What if you don’t own a car? Many client’s advise that they do not own a vehicle to place the ignition interlock device on. If that is the case, advise your Dallas DWI lawyer, but you may wish to consider placing it on a vehicle you have for your own use – whether you own it or not. Your judge may decide to make you wear a SCRAM device if you insist you have no car to drive. This is an ankle bracelet that detects whether you have consumed any alcohol at all. The judge will typically make it a violation of bond if you consume alcohol at all in these situations. SCRAM devices are more intrusive, and more expensive than ignition interlock devices. Not all judges will make you wear a SCRAM, some will just tell you to not drive a car unless it is equipped with an ignition interlock device. But if you have your license, and you are planning on driving, the ignition interlock is typically cheaper and less intrusive than the SCRAM.

9. What happens if you refuse to take a blood, breath, urine test

Texas automatically suspends your license if you refuse to take the test. This is considered a “civil” punishment, not part of the criminal punishment as Texas deems having a license to drive in this state a privilege, not a right. So they are not depriving you of any rights without a trial first – at least according to the laws of Texas – they are just taking away a privilege that Texas has given you.

If you refuse the test – You are allowed to refuse the test. The penalties for refusal are::

a) 180 day suspension on 1st DWI’s;

b) Two year suspension for additional DWI arrests (after a 1st DWI conviction) within 10 years of the prior one if you refused in the first one as well;

c) Your refusal is allowed into evidence at trial – prosecutors always argue that you knew you were too intoxicated to pass the test, and that is why you refused.

If you take and fail the test – You take the test and fail. This evidence is allowed into evidence at trial. Your license is suspended:

a) 90 day suspension if no prior DWI; or,

b) one year suspension if any other convictions or suspensions within 10 years prior.

10. You don’t have to do the field sobriety tests (walk and turn, one legged stand, horizontal gaze nystagmus tests).

Officers will often ask you to look at their pen as they wave it back and forth and up and down. This is a “nystagmus” test to see if there is jerkiness in your eyes. They often will ask you to walk a straight line (walk and turn test) and will also ask you to stand on one leg while counting. There is much debate on whether these tests are reliable in determining a person’s intoxication. Many people refuse these tests because they are not the most coordinated people, or have a condition other than intoxication that makes them unable to perform these tests. Some people are just nervous and anxious and feel like they will not be fairly judged in this testing, so that is why they refuse.

11. Instances where blood or breath testing may be forced

If you are involved in an accident and are arrested for DWI, and someone has died or the police officer thinks someone will die or has suffered serious bodily injury, and you refuse to give a specimen upon request, the officer is then required to forcefully take the specimen.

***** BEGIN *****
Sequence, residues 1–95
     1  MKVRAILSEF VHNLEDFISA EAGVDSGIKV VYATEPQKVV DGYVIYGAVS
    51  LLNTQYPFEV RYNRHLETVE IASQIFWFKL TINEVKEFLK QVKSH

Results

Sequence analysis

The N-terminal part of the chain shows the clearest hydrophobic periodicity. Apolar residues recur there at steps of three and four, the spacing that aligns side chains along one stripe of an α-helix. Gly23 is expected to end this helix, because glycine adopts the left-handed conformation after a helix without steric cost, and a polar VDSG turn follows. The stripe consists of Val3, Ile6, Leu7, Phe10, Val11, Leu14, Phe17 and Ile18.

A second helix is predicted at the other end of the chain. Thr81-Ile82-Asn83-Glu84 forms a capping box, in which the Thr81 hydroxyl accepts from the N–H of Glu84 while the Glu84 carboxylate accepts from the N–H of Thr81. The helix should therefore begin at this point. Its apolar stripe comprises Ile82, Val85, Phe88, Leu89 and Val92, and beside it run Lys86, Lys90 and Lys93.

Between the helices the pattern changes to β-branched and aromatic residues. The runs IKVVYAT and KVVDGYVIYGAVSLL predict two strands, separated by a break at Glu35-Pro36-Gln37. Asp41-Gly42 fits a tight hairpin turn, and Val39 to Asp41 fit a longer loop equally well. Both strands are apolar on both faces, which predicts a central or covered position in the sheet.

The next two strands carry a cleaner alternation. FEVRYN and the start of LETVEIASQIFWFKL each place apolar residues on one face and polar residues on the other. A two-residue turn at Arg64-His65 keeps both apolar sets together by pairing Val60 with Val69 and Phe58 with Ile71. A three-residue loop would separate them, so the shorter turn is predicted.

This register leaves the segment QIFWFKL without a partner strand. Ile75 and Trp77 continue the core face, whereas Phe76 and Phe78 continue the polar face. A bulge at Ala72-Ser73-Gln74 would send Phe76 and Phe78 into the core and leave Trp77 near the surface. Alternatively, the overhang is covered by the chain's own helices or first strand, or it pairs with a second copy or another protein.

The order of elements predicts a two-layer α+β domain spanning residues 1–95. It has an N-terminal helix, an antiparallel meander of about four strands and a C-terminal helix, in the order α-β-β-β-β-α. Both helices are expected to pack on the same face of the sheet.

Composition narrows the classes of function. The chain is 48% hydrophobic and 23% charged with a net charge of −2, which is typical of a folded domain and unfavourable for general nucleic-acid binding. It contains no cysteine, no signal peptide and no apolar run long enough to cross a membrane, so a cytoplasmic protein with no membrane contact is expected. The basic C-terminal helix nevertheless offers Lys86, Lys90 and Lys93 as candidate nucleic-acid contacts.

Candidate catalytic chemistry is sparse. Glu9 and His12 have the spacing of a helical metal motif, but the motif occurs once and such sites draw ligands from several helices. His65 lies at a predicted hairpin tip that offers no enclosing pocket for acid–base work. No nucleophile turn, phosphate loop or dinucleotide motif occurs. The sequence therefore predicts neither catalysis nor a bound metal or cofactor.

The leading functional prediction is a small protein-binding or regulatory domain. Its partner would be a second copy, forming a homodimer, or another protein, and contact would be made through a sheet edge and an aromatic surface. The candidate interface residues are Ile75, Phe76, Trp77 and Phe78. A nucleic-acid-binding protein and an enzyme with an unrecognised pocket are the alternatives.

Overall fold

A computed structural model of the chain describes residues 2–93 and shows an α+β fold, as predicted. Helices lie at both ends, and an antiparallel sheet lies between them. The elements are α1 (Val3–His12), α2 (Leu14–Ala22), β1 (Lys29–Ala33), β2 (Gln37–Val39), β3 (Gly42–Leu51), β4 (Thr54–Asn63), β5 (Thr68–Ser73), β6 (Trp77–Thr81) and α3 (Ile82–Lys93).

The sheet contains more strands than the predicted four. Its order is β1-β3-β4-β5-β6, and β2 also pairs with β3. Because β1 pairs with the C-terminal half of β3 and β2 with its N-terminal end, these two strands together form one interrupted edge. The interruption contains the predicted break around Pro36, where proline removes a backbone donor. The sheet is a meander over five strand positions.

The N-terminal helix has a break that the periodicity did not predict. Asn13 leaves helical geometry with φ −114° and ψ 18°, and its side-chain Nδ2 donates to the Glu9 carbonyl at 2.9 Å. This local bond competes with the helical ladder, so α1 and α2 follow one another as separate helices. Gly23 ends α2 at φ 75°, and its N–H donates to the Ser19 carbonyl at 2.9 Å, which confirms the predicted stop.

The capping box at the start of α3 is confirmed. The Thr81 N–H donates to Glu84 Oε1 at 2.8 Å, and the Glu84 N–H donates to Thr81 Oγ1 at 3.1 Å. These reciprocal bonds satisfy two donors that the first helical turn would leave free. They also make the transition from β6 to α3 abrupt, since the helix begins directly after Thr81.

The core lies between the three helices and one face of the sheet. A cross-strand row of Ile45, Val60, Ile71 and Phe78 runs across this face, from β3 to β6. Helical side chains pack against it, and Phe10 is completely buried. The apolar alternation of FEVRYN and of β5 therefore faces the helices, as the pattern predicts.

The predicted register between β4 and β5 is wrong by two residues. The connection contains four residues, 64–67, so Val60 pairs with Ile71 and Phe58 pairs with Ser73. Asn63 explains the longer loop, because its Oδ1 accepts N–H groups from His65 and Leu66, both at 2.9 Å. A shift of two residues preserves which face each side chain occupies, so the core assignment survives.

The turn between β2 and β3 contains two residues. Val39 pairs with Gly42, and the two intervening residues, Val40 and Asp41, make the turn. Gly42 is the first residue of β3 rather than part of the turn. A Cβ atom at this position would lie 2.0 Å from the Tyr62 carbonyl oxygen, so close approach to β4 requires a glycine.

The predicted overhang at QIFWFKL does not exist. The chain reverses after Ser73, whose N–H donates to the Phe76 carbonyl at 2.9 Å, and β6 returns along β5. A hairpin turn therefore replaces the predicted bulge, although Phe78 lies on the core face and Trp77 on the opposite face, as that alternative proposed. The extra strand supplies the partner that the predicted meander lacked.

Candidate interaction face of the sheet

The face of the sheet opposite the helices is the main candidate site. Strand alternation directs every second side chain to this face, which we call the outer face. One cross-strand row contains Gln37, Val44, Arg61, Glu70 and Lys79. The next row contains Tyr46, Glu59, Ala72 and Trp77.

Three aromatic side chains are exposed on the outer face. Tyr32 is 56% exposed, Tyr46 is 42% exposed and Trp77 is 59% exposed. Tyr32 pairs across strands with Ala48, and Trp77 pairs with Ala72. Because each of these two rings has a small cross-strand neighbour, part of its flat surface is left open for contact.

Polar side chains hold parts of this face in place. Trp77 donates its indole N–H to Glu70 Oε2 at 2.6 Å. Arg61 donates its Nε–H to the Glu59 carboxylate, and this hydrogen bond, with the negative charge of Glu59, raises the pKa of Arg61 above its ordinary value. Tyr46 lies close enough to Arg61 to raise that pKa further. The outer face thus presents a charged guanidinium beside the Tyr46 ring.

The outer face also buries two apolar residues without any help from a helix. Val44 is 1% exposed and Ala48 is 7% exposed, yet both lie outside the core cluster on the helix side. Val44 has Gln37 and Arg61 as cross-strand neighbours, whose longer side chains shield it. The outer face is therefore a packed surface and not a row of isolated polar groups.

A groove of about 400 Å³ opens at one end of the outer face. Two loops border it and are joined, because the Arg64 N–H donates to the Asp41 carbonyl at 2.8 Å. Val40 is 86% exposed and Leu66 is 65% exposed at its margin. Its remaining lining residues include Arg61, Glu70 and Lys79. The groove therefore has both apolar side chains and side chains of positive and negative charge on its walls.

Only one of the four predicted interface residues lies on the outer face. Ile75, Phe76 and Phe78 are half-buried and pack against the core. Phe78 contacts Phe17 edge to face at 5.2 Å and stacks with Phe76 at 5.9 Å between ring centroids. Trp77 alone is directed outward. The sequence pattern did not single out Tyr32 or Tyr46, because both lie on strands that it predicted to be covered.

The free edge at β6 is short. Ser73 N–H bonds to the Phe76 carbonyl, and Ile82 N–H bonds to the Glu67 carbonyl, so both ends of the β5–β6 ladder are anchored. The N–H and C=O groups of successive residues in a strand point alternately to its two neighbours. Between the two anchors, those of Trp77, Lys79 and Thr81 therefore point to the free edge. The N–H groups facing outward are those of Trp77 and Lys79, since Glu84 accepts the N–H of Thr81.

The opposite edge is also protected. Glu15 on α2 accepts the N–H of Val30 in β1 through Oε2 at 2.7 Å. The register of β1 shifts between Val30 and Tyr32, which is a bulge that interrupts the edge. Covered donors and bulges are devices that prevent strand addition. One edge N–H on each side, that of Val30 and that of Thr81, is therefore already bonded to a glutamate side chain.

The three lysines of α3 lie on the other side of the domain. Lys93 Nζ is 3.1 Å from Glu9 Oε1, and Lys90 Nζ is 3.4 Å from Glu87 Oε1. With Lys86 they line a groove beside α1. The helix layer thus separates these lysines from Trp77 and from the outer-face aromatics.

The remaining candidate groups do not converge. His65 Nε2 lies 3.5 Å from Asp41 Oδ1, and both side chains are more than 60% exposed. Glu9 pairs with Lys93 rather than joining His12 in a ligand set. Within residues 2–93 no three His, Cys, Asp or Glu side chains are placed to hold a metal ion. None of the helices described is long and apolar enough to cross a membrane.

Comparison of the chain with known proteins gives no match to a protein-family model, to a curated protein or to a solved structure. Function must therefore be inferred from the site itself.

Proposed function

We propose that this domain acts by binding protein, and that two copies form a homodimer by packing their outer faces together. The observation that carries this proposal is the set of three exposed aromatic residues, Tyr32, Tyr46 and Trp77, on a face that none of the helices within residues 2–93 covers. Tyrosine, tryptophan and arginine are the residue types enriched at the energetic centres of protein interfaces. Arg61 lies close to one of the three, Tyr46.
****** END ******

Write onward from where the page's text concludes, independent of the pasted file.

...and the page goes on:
12. Open containers of alcohol in vehicle

Driving with an open container of alcohol in your vehicle is a class C misdemeanor. If arrested for DWI your penalties are increased. Passengers may not have open alcohol containers either (exceptions are buses, taxis, motor homes in back).

13. Asking the police for your attorney

You can always ask the police to have your attorney present. If this is in Dallas County, then you will want to ask for a Dallas DWI lawyer. There is no law requiring them to allow your attorney to be present during their DWI stop though. Your request places certain burdens on the police officer that make them take more care in how they treat your case and question you.

14. When you do have a right to a lawyer’s assistance

At a criminal trial you have a right to assistance of an attorney. Prior to trial – during questioning, most times you do have a right to an attorney present. An exception is when an officer is asking for a breath test in a DWI case. If you are under arrest, you are typically able to be informed of your right to remain silent, your right to an attorney or have on appointed if you can’t afford one, and to terminate the interrogation / questioning. Often, if the police violate these rules, the evidence they obtained in violation of the rules can be excluded from presentation to the court or jury.

An attorney can help you with bond. An attorney can help prevent further police intrusions on your rights. If you get an attorney quickly, you have a right to be retested by an independent doctor if done within 2 hours of the arrest. Your lawyer can help you decide on what questions to answer or tests to perform in your DWI situation.

15. If you refuse the breath test or fail it – your license:

If you refuse a test, or fail a test, the officer will take your license. The officer will issue a 40 day temporary driving certificate. You can request an ALR (Administrative License Revocation) hearing if done within 15 days of the arrest date. If the hearing date is further than 40 days out (meaning past your 40 day temporary driving certificate), your lawyer can request an extension from the DPS until your hearing. You may appeal if you lose – if appealed within 30 days of losing at your hearing. If you lose the hearing, the suspension will start on the 40th day after the loss (unless you appeal). Your extension will last another 90 days if you do appeal. The 91st day your suspension will start (even if you haven’t been reached yet on your appeal). If you win during any stage of the ALR, then your suspension is lifted.